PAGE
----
Posts Tagged ‘gnosis’

Filos or Gnostos?

March 8, 2010

Calling someone a friend is something most of us do rather sloppily; without really thinking about what the word actually means we use it about people left and  right. So do many Greeks! The Greek word for friend is φίλος, filos, for a man and φίλη, fili, for a woman. The prefix  fil/phil indicates that we are friends, admirers or lovers of something.

For example:

philosophy = the admiration of wisdom (sophia-wisdom)

philhellene = an admirer or all things Greek

philharmonic = a friend of harmony

anglophile = an admirer of all things English

There are a whole bunch of sexual ones as well but we will not go into them here…

To define the word filos/fili when speaking of human relationships the angry American writer/director Michael Moore comes to mind. In his book Stupid White Men he writes about how fed up he is with people claiming to have black friends in an attempt to prove they are not racist. He goes on to say that we all need to stop and think about what a friend actually is: someone you share your deepest feelings with and trust completely, someone you spend time with in each other’s home and know you can phone up at three in the morning if you just want to talk.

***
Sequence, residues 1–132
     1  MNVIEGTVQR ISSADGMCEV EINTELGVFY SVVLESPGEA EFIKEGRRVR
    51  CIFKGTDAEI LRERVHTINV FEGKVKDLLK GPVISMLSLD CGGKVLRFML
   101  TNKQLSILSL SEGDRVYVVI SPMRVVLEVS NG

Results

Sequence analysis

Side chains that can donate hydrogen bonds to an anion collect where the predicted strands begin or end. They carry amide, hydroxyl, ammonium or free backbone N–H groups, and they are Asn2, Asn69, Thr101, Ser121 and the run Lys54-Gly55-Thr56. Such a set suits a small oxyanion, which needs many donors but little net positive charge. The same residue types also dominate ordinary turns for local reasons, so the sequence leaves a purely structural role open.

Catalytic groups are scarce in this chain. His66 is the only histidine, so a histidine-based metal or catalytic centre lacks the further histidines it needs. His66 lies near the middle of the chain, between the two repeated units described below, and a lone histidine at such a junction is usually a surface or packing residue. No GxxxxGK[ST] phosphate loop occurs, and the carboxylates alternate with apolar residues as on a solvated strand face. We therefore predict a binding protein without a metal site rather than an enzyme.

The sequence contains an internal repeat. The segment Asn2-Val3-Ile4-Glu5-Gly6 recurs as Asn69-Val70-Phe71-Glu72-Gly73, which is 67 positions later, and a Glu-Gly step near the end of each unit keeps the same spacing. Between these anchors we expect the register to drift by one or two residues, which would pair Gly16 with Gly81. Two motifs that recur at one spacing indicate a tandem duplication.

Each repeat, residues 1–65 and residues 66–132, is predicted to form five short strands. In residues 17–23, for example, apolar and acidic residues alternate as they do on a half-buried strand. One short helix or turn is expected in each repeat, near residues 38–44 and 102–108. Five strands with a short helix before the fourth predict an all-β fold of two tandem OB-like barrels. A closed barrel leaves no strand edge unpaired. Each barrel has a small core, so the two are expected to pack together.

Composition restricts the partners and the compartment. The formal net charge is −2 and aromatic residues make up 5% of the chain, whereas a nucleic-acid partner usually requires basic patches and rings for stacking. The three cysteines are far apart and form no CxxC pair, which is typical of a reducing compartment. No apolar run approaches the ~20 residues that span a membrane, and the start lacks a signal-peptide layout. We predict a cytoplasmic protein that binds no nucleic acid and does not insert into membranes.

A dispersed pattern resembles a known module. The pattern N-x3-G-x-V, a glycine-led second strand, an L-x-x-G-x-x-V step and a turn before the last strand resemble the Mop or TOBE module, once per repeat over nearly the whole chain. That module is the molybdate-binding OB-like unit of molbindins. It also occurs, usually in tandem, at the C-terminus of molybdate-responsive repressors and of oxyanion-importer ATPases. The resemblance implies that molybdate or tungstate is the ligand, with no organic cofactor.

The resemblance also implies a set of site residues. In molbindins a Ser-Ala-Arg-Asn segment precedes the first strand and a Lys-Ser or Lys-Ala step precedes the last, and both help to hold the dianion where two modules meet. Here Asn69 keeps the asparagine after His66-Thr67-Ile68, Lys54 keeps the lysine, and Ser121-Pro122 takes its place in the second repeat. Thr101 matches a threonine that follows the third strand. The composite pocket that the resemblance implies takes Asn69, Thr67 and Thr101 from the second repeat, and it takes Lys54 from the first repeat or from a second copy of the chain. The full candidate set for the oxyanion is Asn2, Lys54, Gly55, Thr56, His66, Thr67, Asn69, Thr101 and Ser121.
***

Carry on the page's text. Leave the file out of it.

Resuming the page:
If a person does not fulfill these ‘criteria’ he or she is more likely an acquaintance and in Greek the word is γνωστός, gnostos, for a man and γνωστή, gnostee, for a woman. It comes from the word γνώση, gnosi, which means knowledge and we meet it in words such as agnostic (someone who does not know what he or she believes in) prognosis or diagnosis.

When speaking with a Greek person, it is a good idea to contemplate which word applies to the people you know as you might be defined by it. The Greeks say “Δείξε μου τους φίλους σου και θα σου πω ποιος είσαι” = Show me your friends and I will tell you who you are!

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